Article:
I didn't think they were bad at speed. I cruised in mine on the continent for at least an hour between 90 and 110. I also once got mine (very briefly) to just over 125 indicated.




exgtt

2,007 posts

142 months

Wednesday 28th February
quotequote all
Ultimate chestwig car back in the day, Dads mate had a bright red Turbo manual in 1993. He had a year round tan, shell suit and chest hair for days.

Terzo123

2,557 posts

138 months

Wednesday 28th February
quotequote all
Lewis Kingston said:
Snap!









I'd love another but I think I'll go for the turbocharged one next time. Make a great noise with a few tweaks...
That is a fine looking car.

My uncle had a red turbo manual with black leather about 20 years ago. It was a fantastic thing, or at least it was in my opinion.

Cruscotto

2 posts

4 months

Wednesday 28th February
quotequote all
Had one of these few years back, an '86 non-turbo

Number one thing when looking at one has to be rust...
As mentioned in the guide it's only a few screws and a bit of work to remove all of the interior aft of the doors and get a good look at the metal around the rear arches. If there's significant rust I'd reckon one to only be good for spares as I don't believe a fix would be feasible as repair panels are unattainable. A lot of odd parts used to be available through the Toyota dealer network, don't know if this is still the case.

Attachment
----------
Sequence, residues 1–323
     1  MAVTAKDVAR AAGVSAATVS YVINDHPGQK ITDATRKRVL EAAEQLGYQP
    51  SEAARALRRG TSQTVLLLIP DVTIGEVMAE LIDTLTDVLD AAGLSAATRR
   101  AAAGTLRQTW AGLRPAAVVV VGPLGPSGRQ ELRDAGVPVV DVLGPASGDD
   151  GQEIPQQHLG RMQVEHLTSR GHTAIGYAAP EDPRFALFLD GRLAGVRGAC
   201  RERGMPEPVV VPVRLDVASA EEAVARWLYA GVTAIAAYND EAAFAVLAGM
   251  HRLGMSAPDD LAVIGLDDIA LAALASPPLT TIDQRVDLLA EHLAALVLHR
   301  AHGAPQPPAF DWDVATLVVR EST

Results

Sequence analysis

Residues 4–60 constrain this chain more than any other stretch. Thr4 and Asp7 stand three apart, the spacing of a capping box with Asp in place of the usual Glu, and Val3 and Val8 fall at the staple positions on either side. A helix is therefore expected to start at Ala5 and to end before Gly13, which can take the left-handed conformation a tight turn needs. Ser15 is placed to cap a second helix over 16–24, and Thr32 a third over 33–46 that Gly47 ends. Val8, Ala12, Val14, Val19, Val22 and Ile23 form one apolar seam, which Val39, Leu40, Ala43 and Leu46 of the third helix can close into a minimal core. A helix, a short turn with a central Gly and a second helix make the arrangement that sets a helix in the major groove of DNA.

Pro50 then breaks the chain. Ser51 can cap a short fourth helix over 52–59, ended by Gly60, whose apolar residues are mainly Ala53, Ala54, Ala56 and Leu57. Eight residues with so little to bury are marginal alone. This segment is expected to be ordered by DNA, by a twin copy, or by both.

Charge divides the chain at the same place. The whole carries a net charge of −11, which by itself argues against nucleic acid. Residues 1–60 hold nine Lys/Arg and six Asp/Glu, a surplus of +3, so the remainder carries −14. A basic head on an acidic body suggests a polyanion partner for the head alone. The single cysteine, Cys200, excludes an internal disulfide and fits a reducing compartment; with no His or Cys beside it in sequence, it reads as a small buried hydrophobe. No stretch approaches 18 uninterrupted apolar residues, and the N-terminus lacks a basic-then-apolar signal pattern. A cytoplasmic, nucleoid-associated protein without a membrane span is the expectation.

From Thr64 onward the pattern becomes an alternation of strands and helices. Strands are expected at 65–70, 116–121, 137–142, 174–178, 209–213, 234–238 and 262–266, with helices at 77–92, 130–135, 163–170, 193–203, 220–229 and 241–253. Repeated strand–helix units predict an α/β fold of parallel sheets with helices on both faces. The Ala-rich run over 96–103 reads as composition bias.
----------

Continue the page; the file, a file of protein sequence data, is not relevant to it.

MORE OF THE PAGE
Underrated cars however!
A proper Grand Tourer, comfortable and very reflective of the fact that this was a Toyota flagship - hydraulic clutch, LSD, double wishbones, air con, electric seats inc. lumbar, electrically controlled dampers & digi dash on JDM, handy analogue battery gauge to tell you that the next click on the key won't start it on the UK model. Pop up headlights so you can spend far too long at zebra crossings using them to wave people across!
Great noise from the straight six, always enjoyed starting it up for that. Nothing styled like it on the road but with the size and long overhangs, it's not one for multi-storey car parks and similar tedium, it's a car for the open road. Found the steering to be a bit on the light side and a large proportion are autos.

Reckon an immaculate UK model or a good Japanese import at the current prices would make a lot of sense compared to the other modern classics of the era (AE86/Porsche 924?). JDM Turbo A would also be a very special and different car to have.